Back in August I introduced the concept of Identity Rights Agreements. Over the last few weeks, I've been chatting about the idea a bit more seriously with Dizzy and Jer. So in line with Jer's post on 2006 as The Year of I, I thought I'd provide some insight into our thinking.
Recall the concept: I need the ability to specify how my information is to be used by online entities I interact with. But how? Ideally, someone would develop a way of tagging information so that I could, for example, tell an ecommerce site that my personal preferences are not to be shared with partners. Dizzy, Jer, and I have started to work on the concept in hopes of bringing it closer to reality. The basic idea is a kind of photographic negative of Creative Commons: rather than saying "here's something I've created, feel free to do anything with you want with it except for X", when it comes to my personally identifying information I want to say "here's some information about me and you must not do anything with it except Y". When that statement is instantiated in code (such as an HTML form I submit), we're calling it an Identity Privacy Contract (IDPC).
So what are the equivalent in IDPCs of the well-known Creative Commons licenses? We see two dimensions here: whether you can store my information, and whether (and with whom) you can share it. Boiling that down has yielded five options:
Let's look at each of these in a bit more depth...
"Don't Store, Don't Share" means I'm providing this information to you only for the length of this transaction, where the time to live (TTL) of this transaction is zero. I think of the stores that ask for my ZIP code when I complete a cash transation: they don't store that information and they don't share it with anyone, although in some computer system there's a counter that's incremented by one every time someone in my ZIP code buys something (conclusion: aggregation is OK). Similar functionality might be used by online polls and such. This ties your hands with regard to using my information, but sometimes that's what I want.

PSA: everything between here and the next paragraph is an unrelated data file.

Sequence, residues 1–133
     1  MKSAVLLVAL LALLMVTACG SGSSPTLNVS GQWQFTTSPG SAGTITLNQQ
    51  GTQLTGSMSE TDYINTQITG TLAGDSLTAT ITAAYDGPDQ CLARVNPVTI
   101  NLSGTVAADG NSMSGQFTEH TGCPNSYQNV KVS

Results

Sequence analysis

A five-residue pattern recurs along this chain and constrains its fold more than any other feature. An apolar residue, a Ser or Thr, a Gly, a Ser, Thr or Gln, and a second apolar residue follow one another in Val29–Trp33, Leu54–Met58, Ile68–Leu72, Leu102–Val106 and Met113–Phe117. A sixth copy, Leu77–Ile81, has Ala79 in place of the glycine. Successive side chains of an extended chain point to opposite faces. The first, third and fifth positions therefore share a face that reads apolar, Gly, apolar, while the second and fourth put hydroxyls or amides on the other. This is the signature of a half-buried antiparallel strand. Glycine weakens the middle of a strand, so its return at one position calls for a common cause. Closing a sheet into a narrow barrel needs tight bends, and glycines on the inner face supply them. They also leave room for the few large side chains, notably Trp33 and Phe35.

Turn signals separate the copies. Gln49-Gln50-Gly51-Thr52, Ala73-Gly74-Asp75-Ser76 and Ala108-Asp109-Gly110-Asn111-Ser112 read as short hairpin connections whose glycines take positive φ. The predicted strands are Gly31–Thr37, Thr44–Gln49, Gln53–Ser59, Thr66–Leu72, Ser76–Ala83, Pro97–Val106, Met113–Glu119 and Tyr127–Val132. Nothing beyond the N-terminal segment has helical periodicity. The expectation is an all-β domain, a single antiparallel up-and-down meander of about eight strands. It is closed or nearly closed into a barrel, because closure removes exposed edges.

"Store, Don't Share" means that you can keep a record of my information (e.g., in a database or cookie) and associate it with me (e.g., with my email address), but you can't share it with anyone else, not even other subsidiaries of your company. Your hands are tied less tightly here (perhaps you need to store the information to provide me with a better user experience or whatever) but the potential damage is limited since you can't share my information with anyone else. Note also that unlike "Don't Store, Don't Share", there is something of a real contract here, which needs to be time-limited (you can store this data for 2 hours or 2 weeks or 2 years); finally a real-life use for TTLs on cookies!
"Store, Share Internally" opens the door a little wider: now you can share the information with other subsidiaries. The data still has a TTL, but you can use it to offer a more seamless service (or blast me with marketing messages).
"Store, Share With Partners" gives you even greater freedom (now you can make money by selling this information to your partners or doing some co-marketing). But we stipulate that you must name your partners (good for small partner networks, not good for big partner networks) or describe the network (e.g., "all companies in the VISA network, all members of this federation, all subscribers to this mailing list"). But those partners must not share my information -- if they want to do anything with my information, they must negotiate directly with me.
"Store, Share With Anyone" might seem strange -- why would I let you share my personally identifying information with literally anyone? Yet I think there is precedent here: consider blog comments or forum posts, where I provide an email address or URL that is under my control and you link to it from your blog or forum. You've stored it and you're sharing it with the world.
There is still much to work out here -- definitions of "aggregation", "transaction", "partner", "personally identifying information", and even "store", what counts as an address (required so that you can renegotiate with me or so that a partner can negotiate with me), and much more. But I think we're on to something. Stay tuned for more details...
Peter Saint-Andre > Journal